Nettle has a long history of use. The tough fibers from the stem have been used to make cloth and cooked nettle leaves were eaten as vegetables. From ancient Greece to the present, nettle has been documented for its traditional use in treating coughs, tuberculosis, and arthritis and in stimulating hair growth.

Nettle: Botanical name: Urtica dioica. Nettle is a leafy plant that is found in most temperate regions of the world. The Latin root of Urtica is uro, meaning “I burn,” indicative of the small stings caused by the little hairs on the leaves of this plant that burn when contact is made with the skin. The root and leaves of nettle are used in herbal medicine for benign prostatic hyperplasia (root extract), osteoarthritis, hay fever, pregnancy and postpartum support, rheumatoid arthritis, and urinary tract infection.

Active constituents: There has been a great deal of controversy regarding the identity of nettle’s active constituents. Currently, it is thought that polysaccharides (complex sugars) and lectins are probably the active constituents. Test tube studies suggest the leaf has anti-inflammatory actions. This is thought to be caused by nettle preventing the body from making inflammatory chemicals known as prostaglandins. Nettle’s root affects hormones and proteins that carry sex hormones (such as testosterone or estrogen) in the human body. This may explain why it helps benign prostatic hyperplasia (BPH). Although less frequently used alone like saw palmetto or pygeum, some limited clinical trials suggest benefit of nettle root extract for men with milder forms of BPH.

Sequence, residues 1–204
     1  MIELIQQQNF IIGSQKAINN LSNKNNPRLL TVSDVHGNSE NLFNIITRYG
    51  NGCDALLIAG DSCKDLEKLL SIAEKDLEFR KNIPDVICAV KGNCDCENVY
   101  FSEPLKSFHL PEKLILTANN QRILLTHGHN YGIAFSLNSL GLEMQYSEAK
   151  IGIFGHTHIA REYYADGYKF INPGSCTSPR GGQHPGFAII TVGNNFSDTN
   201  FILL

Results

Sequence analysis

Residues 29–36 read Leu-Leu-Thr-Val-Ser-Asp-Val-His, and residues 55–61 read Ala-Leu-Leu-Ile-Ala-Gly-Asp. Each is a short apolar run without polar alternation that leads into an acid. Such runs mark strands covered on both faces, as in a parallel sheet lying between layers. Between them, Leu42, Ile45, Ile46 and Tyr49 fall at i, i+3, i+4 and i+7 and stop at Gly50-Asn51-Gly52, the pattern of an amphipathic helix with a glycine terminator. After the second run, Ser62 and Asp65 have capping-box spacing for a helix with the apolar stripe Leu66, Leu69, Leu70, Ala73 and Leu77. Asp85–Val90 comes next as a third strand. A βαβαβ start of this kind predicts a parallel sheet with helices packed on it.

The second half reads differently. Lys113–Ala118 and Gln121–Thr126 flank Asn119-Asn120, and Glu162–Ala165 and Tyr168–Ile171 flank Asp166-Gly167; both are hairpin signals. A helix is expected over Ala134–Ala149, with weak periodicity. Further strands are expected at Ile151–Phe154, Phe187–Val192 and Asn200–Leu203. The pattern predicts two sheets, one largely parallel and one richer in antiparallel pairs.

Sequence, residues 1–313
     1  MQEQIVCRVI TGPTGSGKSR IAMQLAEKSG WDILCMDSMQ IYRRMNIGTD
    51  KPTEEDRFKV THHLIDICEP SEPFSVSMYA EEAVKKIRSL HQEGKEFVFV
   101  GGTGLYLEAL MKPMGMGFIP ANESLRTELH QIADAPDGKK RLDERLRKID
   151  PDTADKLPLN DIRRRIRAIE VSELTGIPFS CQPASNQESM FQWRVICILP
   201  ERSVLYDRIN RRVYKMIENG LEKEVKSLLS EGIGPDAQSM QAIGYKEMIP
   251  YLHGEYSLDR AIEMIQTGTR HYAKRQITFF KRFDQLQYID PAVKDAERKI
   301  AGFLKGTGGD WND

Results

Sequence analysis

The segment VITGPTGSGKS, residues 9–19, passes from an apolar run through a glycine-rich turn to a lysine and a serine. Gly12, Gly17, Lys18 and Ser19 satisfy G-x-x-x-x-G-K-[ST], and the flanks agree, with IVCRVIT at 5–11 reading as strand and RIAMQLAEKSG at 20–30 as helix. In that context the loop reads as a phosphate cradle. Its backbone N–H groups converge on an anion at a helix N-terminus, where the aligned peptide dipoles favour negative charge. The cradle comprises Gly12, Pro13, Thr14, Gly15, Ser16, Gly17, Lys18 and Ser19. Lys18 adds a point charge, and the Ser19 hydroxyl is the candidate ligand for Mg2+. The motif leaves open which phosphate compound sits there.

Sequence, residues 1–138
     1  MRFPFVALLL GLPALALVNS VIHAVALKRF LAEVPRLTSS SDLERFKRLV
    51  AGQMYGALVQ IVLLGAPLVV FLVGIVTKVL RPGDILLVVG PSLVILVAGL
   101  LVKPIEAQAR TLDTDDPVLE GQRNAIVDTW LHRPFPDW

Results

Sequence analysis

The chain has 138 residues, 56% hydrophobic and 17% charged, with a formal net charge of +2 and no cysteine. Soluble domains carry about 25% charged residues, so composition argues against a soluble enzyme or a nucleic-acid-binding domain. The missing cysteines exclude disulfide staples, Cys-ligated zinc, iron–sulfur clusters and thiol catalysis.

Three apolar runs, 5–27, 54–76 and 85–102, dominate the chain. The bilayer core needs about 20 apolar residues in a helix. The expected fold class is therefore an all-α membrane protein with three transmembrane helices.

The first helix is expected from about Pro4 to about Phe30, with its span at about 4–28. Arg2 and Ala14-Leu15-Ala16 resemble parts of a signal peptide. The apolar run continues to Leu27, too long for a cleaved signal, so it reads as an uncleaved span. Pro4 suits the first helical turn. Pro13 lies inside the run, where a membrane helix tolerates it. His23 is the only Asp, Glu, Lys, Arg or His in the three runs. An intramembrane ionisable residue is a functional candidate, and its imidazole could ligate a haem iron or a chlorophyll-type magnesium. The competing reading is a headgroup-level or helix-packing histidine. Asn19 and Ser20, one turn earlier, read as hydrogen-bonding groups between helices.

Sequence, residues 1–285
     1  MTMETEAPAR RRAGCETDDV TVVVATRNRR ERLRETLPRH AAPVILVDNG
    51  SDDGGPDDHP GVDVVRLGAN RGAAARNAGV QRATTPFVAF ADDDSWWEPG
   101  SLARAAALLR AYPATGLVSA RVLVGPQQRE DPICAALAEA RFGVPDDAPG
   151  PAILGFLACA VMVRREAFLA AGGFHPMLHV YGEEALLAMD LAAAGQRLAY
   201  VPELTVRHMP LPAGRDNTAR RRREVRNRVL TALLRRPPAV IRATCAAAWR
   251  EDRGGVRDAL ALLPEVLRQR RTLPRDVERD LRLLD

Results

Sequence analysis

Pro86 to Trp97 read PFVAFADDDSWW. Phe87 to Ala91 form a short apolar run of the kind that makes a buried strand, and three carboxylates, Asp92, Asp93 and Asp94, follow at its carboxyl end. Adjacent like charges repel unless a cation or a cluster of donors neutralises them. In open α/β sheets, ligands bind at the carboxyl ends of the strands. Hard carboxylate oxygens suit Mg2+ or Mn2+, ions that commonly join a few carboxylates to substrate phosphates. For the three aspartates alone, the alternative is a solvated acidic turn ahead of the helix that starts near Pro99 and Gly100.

A preliminary trial reported that capsules made from freeze-dried leaves reduced sneezing and itching in people with hay fever. Further studies are needed to confirm this finding, however.

The historical practice of intentionally applying nettle topically with the intent of causing stings to relieve arthritis has been assessed by a questionnaire in modern times. The results found intentional nettle stings safe, except for a sometimes painful, sometimes numb rash that lasts 6–24 hours. Additional trials are required to determine if this practice is therapeutically effective.

During the allergy season, two to three 300 mg nettle leaf capsules or tablets or 2–4 ml tincture can be taken three times per day. For BPH, 120 mg of a concentrated root extract in capsules can be taken two times per day. Many products for BPH will combine nettle root with saw palmetto or pygeum extracts. Intentional stinging with nettles should only be undertaken after consultation with a physician knowledgeable in botanical medicine.

Nettle may cause mild gastrointestinal upset in some people. Although allergic reactions to nettle are rare, when contact is made with the skin, fresh nettle can cause a rash secondary to the noted stings. Nettle leaf is considered safe for use in pregnancy and breast-feeding. Certain medications may interact with nettle. Refer to the drug interactions safety check for a list of those medications.

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